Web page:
SURPRISED BY THE 5%
Did you have your own Eclipse “safe for solar viewing” Shades or did you borrow a pair from a friend or stranger? There was a lot of sharing this past week as people from one end of the country to the other watched the eclipse. The event caused a 67-mile-wide-arc of total darkness from Oregon to South Carolina.
Surprised by people
What surprised you about the eclipse? Did the responses of people surprise you and remind you just how different we can be? One couple was featured on a newscast because they had their wedding ceremony at the very moment of total darkness; the groom said: “I wanted to give her the moon”.
A man advertised on Craigslist for a partner with whom he could conceive a child “that will be on the next level of human evolution.”
Ozzy Osburne sang “Bark at the Moon” in a location near the longest time of the eclipse, Carterville, Illinois.
A “Christian numerologist” picked some verses from the Bible out of context, gave them numerical values, and said it all meant the eclipse foretold the Earth will collide with mysterious Planet X this September 23rd.
Some people believe if you plant a flower during an eclipse it will grow better than when planted at other times of the year.
We’re an interesting species, aren’t we? Maybe you were surprised by what people think and do—whether or not it makes any sense to you…or jives with reality.
Surprised by awe
Were you surprised by the way the moment overwhelmed so many of us with awe? For a few hours, titles didn’t matter, political divisions didn’t matter as much as usual, racial and religious distinctions didn’t matter, as so many of us looked up in awe.
Some people were speechless. Some people wept. Some people danced and laughed. I found myself thinking of Van Morrison’s song “A Sense of Wonder.”
We were united in wonder as the event happening above our heads. For a few hours, we were turned in the same direction. It was like, for a day we were all standing in the sunshine and perfect breeze created by the eye of a hurricane: the winds of division, the driving rains of fear and hatred, were not knocking us around left and right. The solar eclipse touched something deep inside many of us. It was lovely to see that we still have the capacity for awe and wonder. Maybe you were surprised by the power of wonder to unite us…for these few hours.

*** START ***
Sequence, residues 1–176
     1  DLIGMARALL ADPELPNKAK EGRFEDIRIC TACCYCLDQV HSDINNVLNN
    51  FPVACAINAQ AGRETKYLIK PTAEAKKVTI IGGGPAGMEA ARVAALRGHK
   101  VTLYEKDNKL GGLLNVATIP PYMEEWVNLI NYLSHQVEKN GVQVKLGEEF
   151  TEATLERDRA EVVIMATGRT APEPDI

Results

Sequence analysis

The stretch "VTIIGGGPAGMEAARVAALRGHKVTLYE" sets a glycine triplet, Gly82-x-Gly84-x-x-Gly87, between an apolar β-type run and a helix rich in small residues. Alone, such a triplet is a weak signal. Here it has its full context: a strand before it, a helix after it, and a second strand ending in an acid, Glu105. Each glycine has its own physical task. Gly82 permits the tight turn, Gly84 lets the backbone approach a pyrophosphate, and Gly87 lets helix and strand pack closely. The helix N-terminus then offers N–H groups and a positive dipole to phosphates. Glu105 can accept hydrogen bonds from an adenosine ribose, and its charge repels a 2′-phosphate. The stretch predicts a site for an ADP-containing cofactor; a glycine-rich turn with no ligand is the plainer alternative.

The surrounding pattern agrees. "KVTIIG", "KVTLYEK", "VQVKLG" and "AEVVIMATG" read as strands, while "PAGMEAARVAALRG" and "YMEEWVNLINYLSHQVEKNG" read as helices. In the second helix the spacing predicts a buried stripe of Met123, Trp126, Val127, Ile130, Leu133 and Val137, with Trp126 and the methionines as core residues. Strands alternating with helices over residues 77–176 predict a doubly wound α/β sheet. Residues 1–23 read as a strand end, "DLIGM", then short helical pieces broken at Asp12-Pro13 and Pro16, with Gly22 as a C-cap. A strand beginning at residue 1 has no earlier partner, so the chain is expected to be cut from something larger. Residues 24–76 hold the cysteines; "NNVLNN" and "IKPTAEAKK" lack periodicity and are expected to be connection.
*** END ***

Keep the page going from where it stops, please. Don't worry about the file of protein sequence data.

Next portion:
In Psalm 8, the psalmist talks about the wonder he experiences as he looks up at the skies, at what the fingers of God have made, at “the moon and the stars.”
Surprised by the 5%
If you were in central Indiana, only 5% of the sun was visible at the darkest moment of the eclipse. You would think, with only 5% of the sun shining, the street lights would be on or pedestrians would be walking in the dark. The truth is though; the 5% provided us with an amazing amount of light.
I was surprised by the light given off by the 5% of the sun we could see. That 5% made a difference…a big difference!
We all have stuff in our lives that gets in the way of God, don’t we? Our fears, addictions, need to control, lingering shame, and perfectionism: all these things can limit the amount of God’s love, truth, and light which comes through us and into the world. If you are like me, you know how sometimes our brokenness acts like smoked glass that blocks the light and love of God. When a friend at the Y this week told me I should be sure to do some sinning “since preachers ought to know what they’re talking about”, I said, “I’m a mess. Sinning comes easily enough.”
And yet…when we do all we can to let the Holy Spirit shine through us, the light God sends into the world can make a big difference. Your prayers, your words of concern for others and for justice, your prayers for this divided world, your acts of mercy and deeds of service, the hours you volunteer, the Good News about the Risen Christ you share, the hymns of faith you sing: these all make more of a difference than you could ever imagine!
Jesus says (John 8:12), “I am the light of the world; whoever follows me won’t walk in darkness but will have the light of life.” Speaking about the love and truth of God that comes into the world in Jesus of Nazareth, John 1:5 says, “The light shines in the darkness, and the darkness doesn’t extinguish the light.”
We could all let more of the light of God through, but even the small amount of God’s love and truth which shines through us makes a big, big difference.
A little bit of light—and love—can do more than you might ever think!
Join us this weekend as we continue THE STORY and talk about Living Bold Far from Home. Be sure to welcome the new people who have arrived in Bloomington, and are seeking a faith community connection with us at First Methodist.
We’re excited by those of you who are volunteering to help with our Sunday school ministries to children, and those who will help with our ALL-CHURCH PICNIC on Sunday, September 10th, on 4th Street and our South Lot. Remember, on that day, we will have ONE COMBINED WORSHIP SERVICE AT 10 A.M. IN THE BUSKIRK-CHUMLEY.
Grace and peace,